Two varieties are required to obtain good fruiting. The regular wild nandina as shown in the first photo in June (2003) showing the hard buds of a flower panicle. These buds open a few at a time through the month to follow. Cross-pollinated by 'Monum,' the wild nandina very slowly develops berries. The same panicle is shown in the second photo in November, the leaves having darkened & the berries ripened to bright red. There are more portraits of the fruit on the Nandina page of the Winter Berries Gallery.
There is usually a second flowering in September/October, which may not be successfully pollinated, so the later panicles dry out on the shrub & remain very decorative. Right into the following spring, there'll be bud-panicles & red-berries side-by-side upon the shrub. If clipped for bouquets, well dried autumn/winter panicals (with or without maturing berries on them) last indefinitely for flower arranging.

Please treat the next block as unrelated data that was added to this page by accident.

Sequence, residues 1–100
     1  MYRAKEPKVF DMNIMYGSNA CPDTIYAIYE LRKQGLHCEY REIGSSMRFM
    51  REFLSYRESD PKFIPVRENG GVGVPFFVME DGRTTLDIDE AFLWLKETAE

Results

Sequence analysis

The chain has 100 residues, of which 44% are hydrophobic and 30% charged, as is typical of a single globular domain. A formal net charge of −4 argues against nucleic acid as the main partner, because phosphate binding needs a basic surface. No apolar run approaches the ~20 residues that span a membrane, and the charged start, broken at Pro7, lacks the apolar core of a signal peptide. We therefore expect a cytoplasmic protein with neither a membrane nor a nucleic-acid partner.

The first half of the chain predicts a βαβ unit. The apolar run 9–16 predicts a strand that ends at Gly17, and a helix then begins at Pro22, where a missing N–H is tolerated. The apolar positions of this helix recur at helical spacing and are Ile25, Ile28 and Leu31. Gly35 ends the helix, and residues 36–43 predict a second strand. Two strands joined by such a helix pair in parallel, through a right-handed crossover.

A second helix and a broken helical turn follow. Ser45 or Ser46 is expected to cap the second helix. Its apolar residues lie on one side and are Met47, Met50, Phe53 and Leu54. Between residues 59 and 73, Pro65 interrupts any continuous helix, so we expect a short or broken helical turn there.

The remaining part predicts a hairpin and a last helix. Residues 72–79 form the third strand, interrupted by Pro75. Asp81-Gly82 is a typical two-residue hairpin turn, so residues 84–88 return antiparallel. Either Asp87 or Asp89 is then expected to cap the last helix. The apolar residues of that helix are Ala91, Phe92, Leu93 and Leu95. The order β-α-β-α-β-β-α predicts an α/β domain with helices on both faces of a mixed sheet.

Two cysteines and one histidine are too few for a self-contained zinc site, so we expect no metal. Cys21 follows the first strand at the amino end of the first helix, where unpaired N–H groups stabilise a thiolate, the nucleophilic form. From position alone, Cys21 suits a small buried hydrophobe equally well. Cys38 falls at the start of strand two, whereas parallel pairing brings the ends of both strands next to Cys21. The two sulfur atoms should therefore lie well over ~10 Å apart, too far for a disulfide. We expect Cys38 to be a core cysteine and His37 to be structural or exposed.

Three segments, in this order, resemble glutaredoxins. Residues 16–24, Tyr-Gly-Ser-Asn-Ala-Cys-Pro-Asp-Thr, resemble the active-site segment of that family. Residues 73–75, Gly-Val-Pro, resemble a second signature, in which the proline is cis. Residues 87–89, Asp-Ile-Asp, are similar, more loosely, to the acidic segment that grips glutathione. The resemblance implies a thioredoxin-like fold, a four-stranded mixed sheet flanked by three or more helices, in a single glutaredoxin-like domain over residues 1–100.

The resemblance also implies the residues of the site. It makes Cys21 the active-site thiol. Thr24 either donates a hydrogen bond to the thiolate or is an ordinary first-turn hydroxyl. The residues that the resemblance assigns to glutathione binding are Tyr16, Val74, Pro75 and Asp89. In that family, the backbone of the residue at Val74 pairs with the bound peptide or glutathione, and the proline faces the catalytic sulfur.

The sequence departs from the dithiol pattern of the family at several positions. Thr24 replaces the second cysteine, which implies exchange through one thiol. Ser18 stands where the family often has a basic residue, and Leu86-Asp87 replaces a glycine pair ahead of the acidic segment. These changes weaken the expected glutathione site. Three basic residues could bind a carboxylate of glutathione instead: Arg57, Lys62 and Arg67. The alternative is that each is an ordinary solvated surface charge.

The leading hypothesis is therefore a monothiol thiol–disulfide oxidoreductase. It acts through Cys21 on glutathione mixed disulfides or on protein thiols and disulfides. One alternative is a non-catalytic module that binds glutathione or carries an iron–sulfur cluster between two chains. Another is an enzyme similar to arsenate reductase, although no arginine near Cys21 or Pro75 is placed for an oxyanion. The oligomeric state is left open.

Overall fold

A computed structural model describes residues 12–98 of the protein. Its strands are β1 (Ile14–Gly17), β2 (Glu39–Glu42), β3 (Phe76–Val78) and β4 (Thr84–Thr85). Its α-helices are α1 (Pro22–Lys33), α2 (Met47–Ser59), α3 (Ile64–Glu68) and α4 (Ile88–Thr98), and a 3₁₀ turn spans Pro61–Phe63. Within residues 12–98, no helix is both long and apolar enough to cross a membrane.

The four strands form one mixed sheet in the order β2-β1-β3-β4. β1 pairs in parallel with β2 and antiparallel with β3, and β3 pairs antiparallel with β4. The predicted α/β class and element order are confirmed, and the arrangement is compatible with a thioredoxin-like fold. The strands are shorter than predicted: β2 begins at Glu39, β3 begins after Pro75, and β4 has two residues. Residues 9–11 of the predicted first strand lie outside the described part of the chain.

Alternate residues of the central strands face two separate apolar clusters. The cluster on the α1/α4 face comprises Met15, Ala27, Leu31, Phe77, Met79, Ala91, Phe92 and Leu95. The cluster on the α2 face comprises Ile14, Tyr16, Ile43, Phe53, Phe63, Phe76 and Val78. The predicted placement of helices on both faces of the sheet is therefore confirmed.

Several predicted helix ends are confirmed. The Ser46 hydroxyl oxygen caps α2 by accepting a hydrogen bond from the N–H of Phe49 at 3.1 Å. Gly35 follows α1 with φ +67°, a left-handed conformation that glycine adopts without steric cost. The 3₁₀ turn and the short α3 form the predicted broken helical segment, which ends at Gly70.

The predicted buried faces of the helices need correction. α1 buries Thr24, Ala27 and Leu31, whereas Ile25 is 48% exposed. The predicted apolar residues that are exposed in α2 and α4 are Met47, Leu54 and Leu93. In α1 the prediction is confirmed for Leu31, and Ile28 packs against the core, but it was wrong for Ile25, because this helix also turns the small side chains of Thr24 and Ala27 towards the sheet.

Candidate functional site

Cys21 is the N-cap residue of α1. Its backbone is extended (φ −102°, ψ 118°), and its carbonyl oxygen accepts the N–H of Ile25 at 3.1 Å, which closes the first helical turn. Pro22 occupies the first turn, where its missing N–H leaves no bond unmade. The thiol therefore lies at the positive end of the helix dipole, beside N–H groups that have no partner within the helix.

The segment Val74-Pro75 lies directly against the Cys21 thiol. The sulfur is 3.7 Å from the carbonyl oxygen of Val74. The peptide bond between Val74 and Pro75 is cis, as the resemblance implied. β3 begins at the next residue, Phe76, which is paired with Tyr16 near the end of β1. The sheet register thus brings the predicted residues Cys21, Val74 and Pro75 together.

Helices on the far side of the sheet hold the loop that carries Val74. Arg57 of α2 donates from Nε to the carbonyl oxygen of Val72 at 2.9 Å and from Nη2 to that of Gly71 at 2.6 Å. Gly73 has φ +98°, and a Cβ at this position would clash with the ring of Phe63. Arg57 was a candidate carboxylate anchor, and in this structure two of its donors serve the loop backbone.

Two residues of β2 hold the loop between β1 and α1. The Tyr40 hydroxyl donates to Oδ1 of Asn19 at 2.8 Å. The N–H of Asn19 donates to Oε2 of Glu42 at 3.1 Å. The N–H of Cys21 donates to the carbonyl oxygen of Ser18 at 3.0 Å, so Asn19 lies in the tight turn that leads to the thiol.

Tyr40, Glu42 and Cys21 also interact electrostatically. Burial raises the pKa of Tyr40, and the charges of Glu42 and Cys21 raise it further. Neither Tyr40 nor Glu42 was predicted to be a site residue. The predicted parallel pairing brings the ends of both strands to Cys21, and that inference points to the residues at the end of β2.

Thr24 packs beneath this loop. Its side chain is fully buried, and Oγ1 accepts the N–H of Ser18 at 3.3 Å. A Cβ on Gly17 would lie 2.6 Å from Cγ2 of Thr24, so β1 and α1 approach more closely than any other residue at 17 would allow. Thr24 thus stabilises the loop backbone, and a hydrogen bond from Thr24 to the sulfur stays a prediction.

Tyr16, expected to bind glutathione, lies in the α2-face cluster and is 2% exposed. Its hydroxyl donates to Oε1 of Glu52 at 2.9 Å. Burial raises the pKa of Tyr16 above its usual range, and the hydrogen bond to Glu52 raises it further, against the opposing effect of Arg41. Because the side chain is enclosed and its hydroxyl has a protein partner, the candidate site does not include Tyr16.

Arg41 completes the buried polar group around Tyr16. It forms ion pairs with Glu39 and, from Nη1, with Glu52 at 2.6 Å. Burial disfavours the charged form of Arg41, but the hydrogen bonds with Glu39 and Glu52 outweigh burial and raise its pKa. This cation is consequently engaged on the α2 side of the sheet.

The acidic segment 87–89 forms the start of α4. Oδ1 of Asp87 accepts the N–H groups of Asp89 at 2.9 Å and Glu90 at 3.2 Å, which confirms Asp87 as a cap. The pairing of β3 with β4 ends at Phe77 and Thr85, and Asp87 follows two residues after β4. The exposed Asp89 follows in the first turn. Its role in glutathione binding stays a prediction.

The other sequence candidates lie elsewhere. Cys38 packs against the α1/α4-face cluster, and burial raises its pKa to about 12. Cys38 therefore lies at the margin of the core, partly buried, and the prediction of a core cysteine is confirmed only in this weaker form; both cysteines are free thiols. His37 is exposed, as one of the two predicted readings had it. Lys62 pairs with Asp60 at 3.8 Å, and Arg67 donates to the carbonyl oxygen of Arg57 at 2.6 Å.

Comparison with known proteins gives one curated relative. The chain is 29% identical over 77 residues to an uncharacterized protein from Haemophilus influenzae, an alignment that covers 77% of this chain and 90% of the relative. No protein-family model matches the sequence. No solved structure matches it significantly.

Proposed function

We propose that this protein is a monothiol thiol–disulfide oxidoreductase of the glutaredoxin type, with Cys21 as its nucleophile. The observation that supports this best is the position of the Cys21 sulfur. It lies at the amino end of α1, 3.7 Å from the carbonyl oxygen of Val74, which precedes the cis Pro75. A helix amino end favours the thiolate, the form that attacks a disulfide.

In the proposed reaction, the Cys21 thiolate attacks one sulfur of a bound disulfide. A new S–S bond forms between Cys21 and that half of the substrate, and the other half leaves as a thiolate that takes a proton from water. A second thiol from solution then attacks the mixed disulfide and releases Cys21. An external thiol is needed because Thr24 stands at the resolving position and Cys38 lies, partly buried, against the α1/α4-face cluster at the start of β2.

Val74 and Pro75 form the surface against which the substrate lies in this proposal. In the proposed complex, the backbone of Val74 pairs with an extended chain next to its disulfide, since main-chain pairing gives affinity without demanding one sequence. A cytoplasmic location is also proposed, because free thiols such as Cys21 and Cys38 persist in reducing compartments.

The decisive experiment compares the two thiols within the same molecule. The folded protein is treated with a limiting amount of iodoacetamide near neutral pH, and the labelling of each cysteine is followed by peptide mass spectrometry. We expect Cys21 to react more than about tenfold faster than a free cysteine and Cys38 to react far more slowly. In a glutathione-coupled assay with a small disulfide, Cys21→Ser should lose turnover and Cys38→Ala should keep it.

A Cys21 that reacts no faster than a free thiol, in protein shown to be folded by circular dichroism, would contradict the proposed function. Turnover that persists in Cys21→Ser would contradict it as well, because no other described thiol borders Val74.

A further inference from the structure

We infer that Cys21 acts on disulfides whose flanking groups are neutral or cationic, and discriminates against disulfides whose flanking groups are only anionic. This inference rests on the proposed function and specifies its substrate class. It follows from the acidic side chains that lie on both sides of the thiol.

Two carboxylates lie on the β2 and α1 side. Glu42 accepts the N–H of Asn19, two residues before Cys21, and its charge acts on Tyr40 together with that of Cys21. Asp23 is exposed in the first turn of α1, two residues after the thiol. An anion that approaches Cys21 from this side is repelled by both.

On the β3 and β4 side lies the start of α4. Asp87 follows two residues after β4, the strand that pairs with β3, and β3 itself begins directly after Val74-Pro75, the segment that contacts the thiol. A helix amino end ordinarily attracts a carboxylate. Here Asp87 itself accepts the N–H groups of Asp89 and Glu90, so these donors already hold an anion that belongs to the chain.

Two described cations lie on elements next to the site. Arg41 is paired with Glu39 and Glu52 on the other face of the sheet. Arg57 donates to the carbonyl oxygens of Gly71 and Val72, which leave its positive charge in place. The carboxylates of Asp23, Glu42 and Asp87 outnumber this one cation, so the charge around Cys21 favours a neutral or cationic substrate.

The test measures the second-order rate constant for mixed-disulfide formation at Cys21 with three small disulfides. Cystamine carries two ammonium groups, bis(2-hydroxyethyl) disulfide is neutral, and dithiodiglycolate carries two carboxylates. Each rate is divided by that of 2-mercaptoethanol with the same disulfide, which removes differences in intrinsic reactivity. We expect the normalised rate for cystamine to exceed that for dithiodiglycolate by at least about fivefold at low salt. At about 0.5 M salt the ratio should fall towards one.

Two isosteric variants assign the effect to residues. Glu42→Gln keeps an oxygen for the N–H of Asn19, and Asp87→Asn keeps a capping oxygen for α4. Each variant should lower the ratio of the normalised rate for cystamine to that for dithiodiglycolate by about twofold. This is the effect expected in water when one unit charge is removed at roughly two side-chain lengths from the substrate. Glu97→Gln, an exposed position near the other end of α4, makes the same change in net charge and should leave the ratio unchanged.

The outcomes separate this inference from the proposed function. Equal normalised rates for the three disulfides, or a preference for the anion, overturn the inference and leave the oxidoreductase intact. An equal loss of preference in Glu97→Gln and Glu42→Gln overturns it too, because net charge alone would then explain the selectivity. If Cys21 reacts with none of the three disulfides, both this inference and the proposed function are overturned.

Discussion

Because it has sacred associations, & because nandina will have unpollinated flowers throughout winter, or sprays of red berries, it is a shrub identified with Chinese Kitchen Day. This "pre-New Year" Taoist holiday falls on December 23. The kitchen & dining area are decorated with cuttings of nandina leaves, fruits, & flowers, or winter-forced narcissi, & there is a family reunion dinner is held after sundown. Offerings of sweets, soybeans, water, or grass (for the Kitchen God's horse) are presented to the Kitchen God, who sits most of the year in a little shrine in the kitchen. Such offerings & prayers are made by the male head of household, in accordance with the saying, "Men do not worship the Moon, & women do not make offerings to the Kitchen God."